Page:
Since independence in 1991, Kyrgyzstan has taken many positive steps to reduce and prevent statelessness. And UNHCR, under its statelessness mandate, has been assisting the country by providing advice on legislation and practices as well as giving technical assistance to those charged with solving citizenship problems. The refugee agency's NGO partners provide legal counselling to stateless people and assist them in their applications for citizenship.

However, statelessness in Kyrgyzstan is complex and thousands of people, mainly women and children, still face legal, administrative and financial hurdles when seeking to confirm or acquire citizenship. In 2009, with the encouragement of UNHCR, the government adopted a national action plan to prevent and reduce statelessness. In 2011, the refugee agency will help revise the plan and take concrete steps to implement it. A concerted effort by all stakeholders is needed so that statelessness does not become a lingering problem for future generations.

Statelessness in Kyrgyzstan

Statelessness in Sri Lanka: Hill Tamils

Most of the people working on the hundreds of tea plantations that dot Sri Lanka's picturesque hill country are descended from ethnic Tamils brought from India between 1820 and 1840 when the island was under British colonial rule. Although these people, known as "Hill Tamils," have been making an invaluable contribution to Sri Lanka's economy for almost two centuries, up until recently the country's stringent citizenship laws made it next to impossible for them to berecognized as citizens. Without the proper documents they could not vote, hold a government job, open a bank account or travel freely.

The Hill Tamils have been the subject of a number of bilateral agreements in the past giving them the option between Sri Lankan and Indian citizenship. But in 2003, there were still an estimated 300,000 stateless people of Indian origin living in Sri Lanka.

Things improved markedly, in October 2003, after the Sri Lankan parliament passed the "Grant of Citizenship to People of Indian Origin Act," which gave nationality to people who had lived in Sri Lanka since 1964 and to their descendants. UNHCR, the government of Sri Lanka and local organizations ran an information campaign informing Hill Tamils about the law and the procedures for acquiring citizenship. With more than 190,000 of the stateless people in Sri Lanka receiving citizenship over a 10-day period in late 2003, this was heralded as a huge success story in the global effort to reduce statelessness.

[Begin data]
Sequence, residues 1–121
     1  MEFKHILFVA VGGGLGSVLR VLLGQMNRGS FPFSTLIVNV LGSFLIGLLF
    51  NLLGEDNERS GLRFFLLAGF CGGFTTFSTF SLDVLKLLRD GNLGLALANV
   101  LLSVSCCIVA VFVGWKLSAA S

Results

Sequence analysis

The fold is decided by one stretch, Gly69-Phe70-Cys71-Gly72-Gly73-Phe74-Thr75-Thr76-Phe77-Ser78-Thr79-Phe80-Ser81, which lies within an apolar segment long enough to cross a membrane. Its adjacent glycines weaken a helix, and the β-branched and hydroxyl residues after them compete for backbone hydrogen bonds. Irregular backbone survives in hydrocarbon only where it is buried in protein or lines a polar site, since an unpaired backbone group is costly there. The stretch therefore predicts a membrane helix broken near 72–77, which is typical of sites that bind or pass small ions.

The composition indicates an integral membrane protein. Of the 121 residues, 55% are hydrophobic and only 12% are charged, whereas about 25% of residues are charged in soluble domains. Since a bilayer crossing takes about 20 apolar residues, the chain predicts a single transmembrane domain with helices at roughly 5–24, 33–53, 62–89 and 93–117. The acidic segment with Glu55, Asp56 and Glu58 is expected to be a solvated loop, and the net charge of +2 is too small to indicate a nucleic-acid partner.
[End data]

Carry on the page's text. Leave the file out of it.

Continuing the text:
Also, in 2009, the parliament passed amendments to existing regulations, granting citizenship to refugees who fled Sri Lanka's conflict and are living in camps in India. This makes it easier for them to return to Sri Lanka if they so wish to.

Statelessness in Sri Lanka: Hill Tamils

Statelessness in the Dominican Republic

In the Dominican Republic, UNHCR runs programmes that benefit refugees and asylum-seekers from Haiti as well as migrants and members of their family born in the country, some of whom could be stateless or at risk of becoming stateless. Many live in bateyes, which are destitute communities on once thriving sugar cane plantations. The inhabitants have been crossing over from Haiti for decades to work in the sugar trade.

Among these initiatives, UNHCR provides legal aid, academic remedial courses and vocational training for refugees and asylum-seekers. They also support entrepreneurial initiatives and access to micro credit.

UNHCR also has an increased presence in border communities in order to promote peaceful coexistence between Dominican and Haitian populations. The UN refugee agency has found that strengthening the agricultural production capacities of both groups promotes integration and mitigates tension.

Many Haitians and Dominicans living in the dilapidated bateyes are at risk of statelessness. Stateless people are not considered as nationals by any country. This can result in them having trouble accessing and exercising basic rights, including education and medical care as well as employment, travel and housing. UNHCR aims to combat statelessness by facilitating the issuance of birth certificates for people living in the bateyes.

Statelessness in the Dominican Republic

Statelessness: A Message from UNHCRPlay video

Statelessness: A Message from UNHCR

An address from UNHCR's Director of International Protection Volker Türk to mark International Human Rights Day and the launch of a new report on Statelessness in the United States.
UNHCR : Breakthrough on StatelessnessPlay video

UNHCR : Breakthrough on Statelessness

UNHCR's ministerial conference in Geneva takes a great step forward in resolving the issue of statelessness. On the sidelines of the meeting, Serbia and Turkmenistan acceded to the statelessness conventions.